ADHD 101

ADHD is a highly genetic, brain-based syndrome that has to do with the regulation of a particular set of brain functions and related behaviors.

These brain operations are collectively referred to as “executive functioning skills” and include important functions such as attention, concentration, memory, motivation and effort, learning from mistakes, impulsivity, hyperactivity, organization, and social skills. There are various contributing factors that play a role in these challenges including chemical and structural differences in the brain as well as genetics.

The diagnosis of ADHD is outlined by the American Psychological Association in the DSM-5 as a lifelong, persistent pattern of inattention and/or hyperactivity-impulsivity that interferes with functioning or development across time and settings.

ADHD is NOT caused by: poor parenting, falls or head injuries, traumatic life events, digital distractions, video games and television, lack of physical activity, food additives, food allergies, or excess sugar.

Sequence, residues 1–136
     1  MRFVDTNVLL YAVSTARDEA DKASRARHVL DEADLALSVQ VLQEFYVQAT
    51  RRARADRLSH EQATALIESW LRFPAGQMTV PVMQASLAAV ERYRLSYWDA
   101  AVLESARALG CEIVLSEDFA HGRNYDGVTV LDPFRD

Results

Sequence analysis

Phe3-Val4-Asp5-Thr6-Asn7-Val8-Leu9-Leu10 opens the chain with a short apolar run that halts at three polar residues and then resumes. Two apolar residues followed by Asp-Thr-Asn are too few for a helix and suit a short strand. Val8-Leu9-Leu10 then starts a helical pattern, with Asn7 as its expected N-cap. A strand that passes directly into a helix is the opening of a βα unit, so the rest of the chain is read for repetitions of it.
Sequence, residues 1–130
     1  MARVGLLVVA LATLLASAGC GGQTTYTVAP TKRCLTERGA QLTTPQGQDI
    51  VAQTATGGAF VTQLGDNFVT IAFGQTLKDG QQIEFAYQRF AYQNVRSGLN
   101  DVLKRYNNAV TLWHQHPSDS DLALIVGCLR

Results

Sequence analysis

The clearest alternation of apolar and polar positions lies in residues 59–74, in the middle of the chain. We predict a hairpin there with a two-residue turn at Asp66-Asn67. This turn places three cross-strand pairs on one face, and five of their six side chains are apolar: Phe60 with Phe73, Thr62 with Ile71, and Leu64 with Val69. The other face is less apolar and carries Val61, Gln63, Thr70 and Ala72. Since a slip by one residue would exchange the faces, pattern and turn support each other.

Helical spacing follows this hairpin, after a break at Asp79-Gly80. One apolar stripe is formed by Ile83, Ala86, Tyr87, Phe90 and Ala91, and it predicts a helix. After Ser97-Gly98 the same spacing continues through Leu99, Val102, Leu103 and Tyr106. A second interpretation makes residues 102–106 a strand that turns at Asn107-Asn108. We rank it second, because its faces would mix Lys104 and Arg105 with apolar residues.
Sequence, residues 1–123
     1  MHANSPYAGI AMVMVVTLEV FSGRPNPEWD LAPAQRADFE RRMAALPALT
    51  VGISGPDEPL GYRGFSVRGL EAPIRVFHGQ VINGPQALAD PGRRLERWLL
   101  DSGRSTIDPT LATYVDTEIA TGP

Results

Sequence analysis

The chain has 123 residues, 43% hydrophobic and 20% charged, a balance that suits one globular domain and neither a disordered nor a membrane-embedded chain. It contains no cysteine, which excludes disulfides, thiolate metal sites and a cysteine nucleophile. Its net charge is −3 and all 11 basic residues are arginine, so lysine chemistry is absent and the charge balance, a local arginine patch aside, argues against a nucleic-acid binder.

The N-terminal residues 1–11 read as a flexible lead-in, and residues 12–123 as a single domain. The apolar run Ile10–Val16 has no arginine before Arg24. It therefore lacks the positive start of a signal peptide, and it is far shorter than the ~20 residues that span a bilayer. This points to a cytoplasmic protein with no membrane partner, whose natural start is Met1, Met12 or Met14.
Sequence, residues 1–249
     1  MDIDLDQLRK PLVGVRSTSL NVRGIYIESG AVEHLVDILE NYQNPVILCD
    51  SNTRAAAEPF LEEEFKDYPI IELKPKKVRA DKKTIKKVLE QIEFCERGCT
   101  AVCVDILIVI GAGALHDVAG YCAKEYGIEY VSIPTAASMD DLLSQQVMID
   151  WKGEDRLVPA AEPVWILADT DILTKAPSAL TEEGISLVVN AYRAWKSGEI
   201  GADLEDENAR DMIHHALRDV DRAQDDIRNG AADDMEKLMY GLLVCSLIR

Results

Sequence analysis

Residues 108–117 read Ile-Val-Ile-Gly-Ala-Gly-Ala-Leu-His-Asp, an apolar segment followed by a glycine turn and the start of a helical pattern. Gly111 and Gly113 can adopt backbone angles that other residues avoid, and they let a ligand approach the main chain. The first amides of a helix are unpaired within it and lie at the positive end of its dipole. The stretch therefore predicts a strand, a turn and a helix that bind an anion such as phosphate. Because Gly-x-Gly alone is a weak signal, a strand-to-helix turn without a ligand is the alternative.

ADHD IS caused by chemical, structural, and connectivity differences in the brain, mostly as a result of genetics.

If you have a child with ADHD, this will mean hard work for you the parent.

Remember your child is not neurotypical.

It is not that he/she “wont” but that he/she “cant”. So manage your expectations. Make sure you ask for help and have a self-care program tor yourself. Make ADHD the enemy, not the child.

Some rules of thumb:


  • ensure routine and consistency

  • break down tasks into smaller steps

  • use clocks and timers

  • create a quiet space

  • be neat and organized to set an example

  • ADHD medication can be effective

  • don't punish your child for something they can-t do (neurologically) or something they are unable to control (limbic brain)